Leo was followed by a string of other reform popes, and the push for church reform climaxed in 1073 with the election of another mercurial pope, Gregory VII (r. 1073-1085). Gregory famously threw down the gauntlet to Henry III’s eldest son and heir, Henry IV. The result was the Investiture Controversy from 1075 to 1122, which centred on whether popes or emperors had the right to appoint bishops. The story about the uncompromising conflict between Gregory and Henry is the stuff great fiction is made of. It includes Gregory’s affinity for and debt to Henry’s pious parents, the vainglorious young king’s chastening at Canossa in 1077, and Pope Gregory’s humiliating flight from Rome in 1084 and later death in exile in Salerno in 1085.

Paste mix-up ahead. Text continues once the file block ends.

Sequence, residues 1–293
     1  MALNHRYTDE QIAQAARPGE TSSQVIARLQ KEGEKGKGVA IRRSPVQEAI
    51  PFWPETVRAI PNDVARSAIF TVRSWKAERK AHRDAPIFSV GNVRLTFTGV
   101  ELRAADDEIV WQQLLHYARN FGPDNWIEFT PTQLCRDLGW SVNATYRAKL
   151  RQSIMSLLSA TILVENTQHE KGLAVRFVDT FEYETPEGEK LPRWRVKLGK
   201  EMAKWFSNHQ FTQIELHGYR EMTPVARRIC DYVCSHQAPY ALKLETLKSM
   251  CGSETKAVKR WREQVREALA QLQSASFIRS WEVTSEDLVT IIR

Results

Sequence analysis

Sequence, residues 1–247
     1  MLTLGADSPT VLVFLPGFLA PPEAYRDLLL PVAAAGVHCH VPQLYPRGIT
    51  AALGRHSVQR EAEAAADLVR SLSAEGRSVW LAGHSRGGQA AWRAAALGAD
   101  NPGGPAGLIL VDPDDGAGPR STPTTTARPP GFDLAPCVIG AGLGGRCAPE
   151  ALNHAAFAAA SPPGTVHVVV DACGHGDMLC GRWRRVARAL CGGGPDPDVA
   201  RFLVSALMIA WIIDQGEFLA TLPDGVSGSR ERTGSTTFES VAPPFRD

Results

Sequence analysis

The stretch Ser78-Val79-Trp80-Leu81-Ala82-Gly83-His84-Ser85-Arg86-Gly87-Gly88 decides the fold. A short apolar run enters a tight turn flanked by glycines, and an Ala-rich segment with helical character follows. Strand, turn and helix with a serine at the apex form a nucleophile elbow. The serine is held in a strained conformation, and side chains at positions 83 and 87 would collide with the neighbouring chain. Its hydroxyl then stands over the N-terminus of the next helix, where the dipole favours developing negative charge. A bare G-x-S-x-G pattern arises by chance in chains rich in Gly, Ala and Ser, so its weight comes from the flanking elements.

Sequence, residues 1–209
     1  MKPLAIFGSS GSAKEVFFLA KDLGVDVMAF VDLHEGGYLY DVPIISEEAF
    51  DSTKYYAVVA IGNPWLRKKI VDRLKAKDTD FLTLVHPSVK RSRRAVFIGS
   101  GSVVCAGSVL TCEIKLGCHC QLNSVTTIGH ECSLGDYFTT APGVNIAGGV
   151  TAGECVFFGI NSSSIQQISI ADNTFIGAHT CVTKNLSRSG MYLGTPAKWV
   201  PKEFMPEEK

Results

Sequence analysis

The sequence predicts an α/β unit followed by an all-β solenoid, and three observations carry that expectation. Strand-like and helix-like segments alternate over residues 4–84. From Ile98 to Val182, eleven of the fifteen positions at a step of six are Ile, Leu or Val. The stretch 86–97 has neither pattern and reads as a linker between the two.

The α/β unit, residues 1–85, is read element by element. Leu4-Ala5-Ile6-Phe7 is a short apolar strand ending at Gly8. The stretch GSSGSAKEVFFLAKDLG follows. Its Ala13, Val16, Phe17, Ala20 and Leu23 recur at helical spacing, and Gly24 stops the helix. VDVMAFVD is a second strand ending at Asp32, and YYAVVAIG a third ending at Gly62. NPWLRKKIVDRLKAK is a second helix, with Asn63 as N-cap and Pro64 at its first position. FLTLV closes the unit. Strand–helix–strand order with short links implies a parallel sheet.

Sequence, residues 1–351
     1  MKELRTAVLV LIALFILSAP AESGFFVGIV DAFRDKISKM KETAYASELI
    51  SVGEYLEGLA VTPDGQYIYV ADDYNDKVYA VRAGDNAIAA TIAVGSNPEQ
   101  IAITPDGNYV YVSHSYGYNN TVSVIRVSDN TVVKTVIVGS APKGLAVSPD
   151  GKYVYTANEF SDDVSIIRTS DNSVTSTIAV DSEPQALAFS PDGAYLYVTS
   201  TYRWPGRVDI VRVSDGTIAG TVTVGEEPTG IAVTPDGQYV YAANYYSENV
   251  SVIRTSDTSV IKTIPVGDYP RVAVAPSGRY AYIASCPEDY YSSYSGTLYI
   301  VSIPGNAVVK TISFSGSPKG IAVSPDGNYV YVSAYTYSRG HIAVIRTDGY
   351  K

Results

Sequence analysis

Gregory thus lost the last battle against Henry, but he may be said to have won the war, posthumously at least. Later reform popes such as Pope Urban II, the initiator of the crusades, shored up the reform coalition and an exhausted Henry V, son of Henry IV, who he deposed on the last day of the year 1105, came to terms at Worms in 1122.
This great conflict sowed the seeds of the European multistate system. To weaken Henry IV, Gregory attempted to call on and bolster other Christian monarchs, even in the newly Christianized northern European periphery. As the medievalist H.E.J. Cowdrey puts it:
Gregory sought to foster among the nations something like a balance of power: more distant peoples were to be established in their independence from outside political supremacy and in the habit of obedience to the papacy; by such means, the power especially of the Salian monarchy in Germany might be kept within bounds.
Or as Pope Gregory himself described it in a letter to Danish King Sweyn Estrithson: “the king of a distant realm was, by strong and righteous rule, to compensate for the unreliability of rulers who were nearer to Rome.”
”The medieval Catholic Church was the engine behind the power pluralism of European state-formation, the crucial precondition for modern states, the market economy, and modern democracy.”